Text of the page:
You Get What You Reward!

You get what you reward!

That is the most fundamental truism, not not for mankind but for all of the animal kingdom.  If you reward a behavior, you get more of it.  If you punish a behavior, you get less of it.

For example, the Affordable Care Act specified that employers with 50 or greater employees must give full healthcare benefits to employees working 30 or more hours each week.  The Bureau of Labor Statistics reported that prior to 2013, six full-time jobs were created for each part-time job.  In 2013 (article from August 2013) only one new full-time job was being created for every four part-time jobs.  In a Chamber of Commerce poll 24% of small businesses will reduce hiring to stay under 50 employees. (

Basically, the Affordable Care Act punishes hiring full-time workers at a time of high unemployment.

You get what you reward!

The Affordable Care Act also states that the most expensive plan can cost no more than three times the cost of the least expensive plan.  This effectively forces the rates to be much higher for young, healthy people.  It also requires these people to buy comprehensive policies when they might just wish to purchase a bare-bones policy at a lower cost.  At the same time, insurance companies are no longer allowed to deny coverage for pre-existing conditions.  People can wait till they get sick and then get insurance if they need it.  Young people have the choice of buying costly healthcare insurance or saving the money and buying it later if needed.  We are rewarding people for not buying health insurance.

Large financial companies can make highly risky trades and get the profit if they succeed and go to the taxpayers for a bail out if they fail.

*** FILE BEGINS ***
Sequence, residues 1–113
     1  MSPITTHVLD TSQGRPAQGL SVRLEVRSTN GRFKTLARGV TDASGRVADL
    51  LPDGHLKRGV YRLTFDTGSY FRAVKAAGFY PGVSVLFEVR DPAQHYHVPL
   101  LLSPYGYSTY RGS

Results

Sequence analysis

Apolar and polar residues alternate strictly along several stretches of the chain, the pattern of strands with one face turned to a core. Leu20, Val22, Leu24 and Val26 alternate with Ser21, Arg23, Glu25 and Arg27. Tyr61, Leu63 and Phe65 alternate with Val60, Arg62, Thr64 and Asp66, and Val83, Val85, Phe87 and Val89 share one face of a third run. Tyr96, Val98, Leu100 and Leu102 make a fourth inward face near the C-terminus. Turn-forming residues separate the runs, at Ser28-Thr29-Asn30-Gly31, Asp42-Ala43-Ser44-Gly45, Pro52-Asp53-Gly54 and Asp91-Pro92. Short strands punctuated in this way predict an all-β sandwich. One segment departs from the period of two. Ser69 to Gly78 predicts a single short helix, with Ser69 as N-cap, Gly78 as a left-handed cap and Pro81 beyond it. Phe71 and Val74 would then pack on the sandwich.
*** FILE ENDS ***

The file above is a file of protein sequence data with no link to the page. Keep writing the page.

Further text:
You get what you reward!

Whenever a policy is proposed, the primary question is usually who does it help and who does it hurt.  That is the wrong question.  

The first question we should always ask is if the policy rewards good choices or bad choices.

2 thoughts on “You Get What You Reward!

  1. Rewards usually lead to more of the behavior which is being rewarded. However, it is a well-established fact of psychological theory that for different reasons adverse stimuli does not always eradicate negative behaviors.

  2. I am not claiming that changing the reward/punishment ratio will always change behavior or anything close to that. I am claiming that it will sometimes and the sometimes can thwart the policy. For example, lets say I am president of an organization that has 100 members each paying $100 in dues so we collect $10,000. I determine that for the next year we need $11,000 so I raise the dues to $110/person. As a result 90 of the members pay the dues but 10 object to the increase and leave the organization. Now we are collecting $9,900 so my increase in dues has caused a decrease in revenue, even though only 10% of the people changed their behavior due to my actions.

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